In determining whether a defendant has been sentenced to a term of imprisonment based on a sentencing range that has subsequently been lowered by the Sentencing Commission, the Court must first determine “the amended guideline range that would have been applicable to the defendant had the relevant amendment been in effect at the time of the initial sentencing.” Dillon, 560 U.S. at 827 (internal quotation marks and citation omitted); see also U.S. Sentencing Guidelines Manual § 1B1.10(b)(1). Other than substituting Amendment 782 for the corresponding provision applicable when the defendant was originally sentenced, the Court “shall leave all other guideline application decisions unaffected.” Id. And the Court “shall not” reduce a defendant's term of imprisonment to a term “less than the minimum of the amended guideline range, ” nor to a term “less than the term of imprisonment the defendant has already served.” Id. § 1B1.10(b)(2)(A), (C). In addition to these limits, section 1B1.10 states that a court must also consider the § 3553 factors and the danger to the public created by any reduction in a defendant's sentence. Id. at cmt. n.1(B). A court may further consider a defendant's post-sentencing conduct. Id.

         II. Analysis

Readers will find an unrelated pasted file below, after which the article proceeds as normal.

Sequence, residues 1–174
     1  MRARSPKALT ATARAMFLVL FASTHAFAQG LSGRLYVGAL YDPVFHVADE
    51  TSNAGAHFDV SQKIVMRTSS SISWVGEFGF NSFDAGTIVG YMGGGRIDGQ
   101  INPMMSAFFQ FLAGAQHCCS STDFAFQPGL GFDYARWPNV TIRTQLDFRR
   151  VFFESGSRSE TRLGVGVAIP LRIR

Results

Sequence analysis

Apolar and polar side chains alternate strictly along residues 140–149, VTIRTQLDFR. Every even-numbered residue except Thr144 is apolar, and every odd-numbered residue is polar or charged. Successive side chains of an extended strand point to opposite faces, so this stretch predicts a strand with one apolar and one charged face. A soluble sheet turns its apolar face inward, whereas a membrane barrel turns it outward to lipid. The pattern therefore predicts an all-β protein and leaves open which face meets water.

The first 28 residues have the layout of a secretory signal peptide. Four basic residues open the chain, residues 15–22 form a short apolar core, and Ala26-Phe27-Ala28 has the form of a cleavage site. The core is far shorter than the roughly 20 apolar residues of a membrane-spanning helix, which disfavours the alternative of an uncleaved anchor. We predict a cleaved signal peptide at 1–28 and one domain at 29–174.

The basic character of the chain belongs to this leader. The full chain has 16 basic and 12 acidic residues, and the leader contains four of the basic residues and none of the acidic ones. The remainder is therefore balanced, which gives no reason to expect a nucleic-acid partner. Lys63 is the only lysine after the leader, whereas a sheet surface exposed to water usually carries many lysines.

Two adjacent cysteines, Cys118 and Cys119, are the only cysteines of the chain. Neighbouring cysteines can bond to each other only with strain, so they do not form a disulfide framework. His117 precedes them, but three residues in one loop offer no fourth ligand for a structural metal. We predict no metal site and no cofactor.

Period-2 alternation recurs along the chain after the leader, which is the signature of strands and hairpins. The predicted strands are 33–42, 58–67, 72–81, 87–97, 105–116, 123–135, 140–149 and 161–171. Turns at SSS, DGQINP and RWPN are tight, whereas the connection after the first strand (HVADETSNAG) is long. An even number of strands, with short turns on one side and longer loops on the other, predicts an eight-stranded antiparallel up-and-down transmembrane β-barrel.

Amendment 782 to the Guidelines, which became effective on November 1, 2014, revised the Guidelines applicable to drug-trafficking offenses by reducing by two levels the offense levels assigned to the drug quantities described in section 2D1.1. U.S. Sentencing Guidelines Manual App. C, amend. 782. Amendment 782 also makes corresponding changes to section 2D1.11. Amendment 788, which became effective on November 1, 2014, as well, identified Amendment 782 as retroactive. U.S. Sentencing Guidelines Manual App. C, amend. 788.

         However, in this case, defendant's sentence was not based on any guideline range, because the guideline range that would have applied-based on defendant's offense level and criminal history category-was lower than the applicable mandatory minimum life sentence. Instead, defendant's sentence was the result of a downward departure from the mandatory minimum due to defendant's substantial assistance to the government, as outlined in the government's motion under USSG § 5K1.1 and 18 U.S.C. § 3553(e) [Doc. 273]. The Supreme Court has held that, where a court calculates a downward departure from the mandatory minimum and discards the guideline range, a defendant is not eligible for a reduction under 18 U.S.C. § 3582(c) because a sentence based on a mandatory minimum and substantial assistance is not “based on” a sentencing range that has subsequently been lowered. Koons v. United States, 138 S.Ct. 1783, 1788 (2018). The Court further clarified that USSG § 1B1.10(c) does not change this result because policy statements by the Sentencing Commission “cannot make a defendant eligible when § 3582(c) makes him ineligible.” Id. at 1790.

         Because defendant's sentence was calculated using the mandatory life term of imprisonment in conjunction with defendant's substantial assistance, defendant cannot show that he was “sentenced to a term of imprisonment based on a sentencing range that has subsequently been lowered by the Sentencing Commission” under § 3582. Id. at 1788. Accordingly, the Court lacks jurisdiction under § 3582(c) to modify defendant's sentence.

         III. Conclusion

         For the reasons stated above, defendant's motion ...